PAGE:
With 2013 firmly in the rearview mirror, the S&P Dow Jones Indices published the highlights of the Dow Jones Industrial Average (^DJI -0.17%) from last year. Here's a selection of the 10 juiciest details, curated by yours truly:

Chart by S&P Dow Jones Indices.

  • The top 5 point gainers accounted for 16% of the Dow's total gains in 2013, compared to 60% from the top 5 gainers in 2012. The report marks this as "an indicator of a broader market/economic recovery," as nearly every Dow stock added significantly to the points tally.

  • Boeing (BA -0.26%) alone added 444 points to the Dow in 2013. The 787 Dreamliner overcame its launch problems to become a serious growth driver last year.

  • The biggest loser of Dow points was IBM (IBM -2.24%), subtracting just 27 points. Big Blue is implementing a software-and-services strategy under new leadership, and these changes hurt in the short term.

  • Compare and contrast to get the full effect of Dow trends: The biggest gain added 444 points while the worst drop removed only 27.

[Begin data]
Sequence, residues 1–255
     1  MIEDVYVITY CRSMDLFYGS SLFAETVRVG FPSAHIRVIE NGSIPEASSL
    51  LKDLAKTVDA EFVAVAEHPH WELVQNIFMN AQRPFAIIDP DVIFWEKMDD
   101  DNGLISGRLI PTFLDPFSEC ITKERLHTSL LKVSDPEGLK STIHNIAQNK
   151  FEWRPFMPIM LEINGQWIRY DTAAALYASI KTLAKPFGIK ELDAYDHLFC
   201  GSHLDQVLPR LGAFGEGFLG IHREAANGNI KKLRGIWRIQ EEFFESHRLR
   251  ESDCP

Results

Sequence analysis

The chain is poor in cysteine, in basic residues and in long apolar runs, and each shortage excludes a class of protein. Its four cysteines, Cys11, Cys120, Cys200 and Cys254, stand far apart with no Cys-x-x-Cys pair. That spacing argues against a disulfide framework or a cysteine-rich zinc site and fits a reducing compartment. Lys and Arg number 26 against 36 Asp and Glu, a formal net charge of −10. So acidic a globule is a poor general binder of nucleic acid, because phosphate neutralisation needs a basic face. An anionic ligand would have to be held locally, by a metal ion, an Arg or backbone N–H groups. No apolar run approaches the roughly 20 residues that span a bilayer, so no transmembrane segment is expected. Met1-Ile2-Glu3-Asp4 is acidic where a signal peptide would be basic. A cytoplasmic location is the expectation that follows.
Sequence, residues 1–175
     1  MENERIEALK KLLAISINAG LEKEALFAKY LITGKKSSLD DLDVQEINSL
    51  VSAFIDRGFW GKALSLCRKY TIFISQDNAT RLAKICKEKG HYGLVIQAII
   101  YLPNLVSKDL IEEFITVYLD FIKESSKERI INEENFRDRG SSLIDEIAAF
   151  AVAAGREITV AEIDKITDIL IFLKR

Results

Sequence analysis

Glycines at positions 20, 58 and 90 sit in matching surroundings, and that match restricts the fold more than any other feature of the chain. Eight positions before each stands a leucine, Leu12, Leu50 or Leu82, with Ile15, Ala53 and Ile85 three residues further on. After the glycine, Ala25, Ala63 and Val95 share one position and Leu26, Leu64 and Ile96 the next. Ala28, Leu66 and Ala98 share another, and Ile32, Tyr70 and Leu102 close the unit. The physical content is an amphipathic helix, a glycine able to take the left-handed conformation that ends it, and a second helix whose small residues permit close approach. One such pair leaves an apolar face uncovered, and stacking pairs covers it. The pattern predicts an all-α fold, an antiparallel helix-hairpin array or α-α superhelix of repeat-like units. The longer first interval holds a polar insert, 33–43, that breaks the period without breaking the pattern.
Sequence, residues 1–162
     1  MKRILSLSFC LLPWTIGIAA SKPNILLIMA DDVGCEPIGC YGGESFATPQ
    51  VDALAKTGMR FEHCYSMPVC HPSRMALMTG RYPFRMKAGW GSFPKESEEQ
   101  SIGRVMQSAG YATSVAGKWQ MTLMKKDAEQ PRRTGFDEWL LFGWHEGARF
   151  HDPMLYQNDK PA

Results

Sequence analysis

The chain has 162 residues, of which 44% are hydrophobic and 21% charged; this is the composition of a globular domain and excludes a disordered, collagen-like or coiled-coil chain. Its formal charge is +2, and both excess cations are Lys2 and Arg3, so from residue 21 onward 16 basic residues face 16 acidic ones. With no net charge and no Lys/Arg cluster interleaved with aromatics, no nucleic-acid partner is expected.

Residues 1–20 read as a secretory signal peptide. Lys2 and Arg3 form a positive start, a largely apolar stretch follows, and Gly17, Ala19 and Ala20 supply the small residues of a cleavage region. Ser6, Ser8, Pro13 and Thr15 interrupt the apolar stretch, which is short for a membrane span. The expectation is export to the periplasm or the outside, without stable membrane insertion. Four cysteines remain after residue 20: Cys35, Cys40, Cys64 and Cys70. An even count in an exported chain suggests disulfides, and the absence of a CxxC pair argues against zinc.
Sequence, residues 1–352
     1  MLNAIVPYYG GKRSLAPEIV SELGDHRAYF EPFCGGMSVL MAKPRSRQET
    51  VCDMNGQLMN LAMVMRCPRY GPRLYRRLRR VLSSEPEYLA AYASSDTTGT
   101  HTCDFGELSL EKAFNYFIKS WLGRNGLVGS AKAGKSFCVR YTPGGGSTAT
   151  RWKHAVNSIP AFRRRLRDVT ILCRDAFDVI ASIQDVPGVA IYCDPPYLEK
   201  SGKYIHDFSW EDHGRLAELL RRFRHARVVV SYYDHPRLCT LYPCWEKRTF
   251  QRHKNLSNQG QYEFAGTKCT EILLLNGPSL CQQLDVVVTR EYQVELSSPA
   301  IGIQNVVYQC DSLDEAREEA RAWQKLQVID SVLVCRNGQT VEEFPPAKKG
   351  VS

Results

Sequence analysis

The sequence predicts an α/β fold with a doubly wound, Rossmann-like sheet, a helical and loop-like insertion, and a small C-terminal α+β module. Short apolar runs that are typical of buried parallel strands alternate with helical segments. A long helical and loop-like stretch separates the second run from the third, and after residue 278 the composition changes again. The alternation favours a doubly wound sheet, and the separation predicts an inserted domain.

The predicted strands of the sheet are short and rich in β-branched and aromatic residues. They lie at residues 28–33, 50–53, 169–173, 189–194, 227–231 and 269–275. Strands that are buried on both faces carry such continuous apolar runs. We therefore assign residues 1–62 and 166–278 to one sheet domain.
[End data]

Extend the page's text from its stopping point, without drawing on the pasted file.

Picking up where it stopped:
• The Dow's 26.5% return in 2013 was the strongest full-year leap since 1995, when the blue-chip index gained 33.5%. It was also the first time the Dow gained more than 25% since 2003 -- a 10-year span.

  • IBM was actually the strongest performer on the Dow in two of the first three months -- and Boeing was the worst Dow stock to own in January. But Boeing then spent five months on top of the heap and IBM five months at the bottom of the barrel, while no other Dow component spent more than two months on either of these lists. IBM and Boeing really wrote the Dow's history in 2013.

  • The Dow passed two 1,000-point milestones in 2013: 15,000 and 16,000. This has happened four other times in the last 20 years, going back to the Dow passing 4,000 and 5,000 in 1995.

  • The Dow traded up in 146 of the 252 trading days last year, yielding 52 record-level closing prices along the way.

  • The big gains in 2013 were built on dozens of small moves, not a few big jumps. The index gained at least 200 points on seven days last year but lost 200 points or more on eight days, leaving most of the heavy lifting to scores of less volatile days.

  • ExxonMobil (XOM -0.95%) paid out $11 billion in dividends last year, accounting for nearly 9% of the Dow's total payouts. But Exxon investors still have to settle for a middling 2.5% dividend yield, because the $11 billion has to be spread out across the Dow's largest market cap.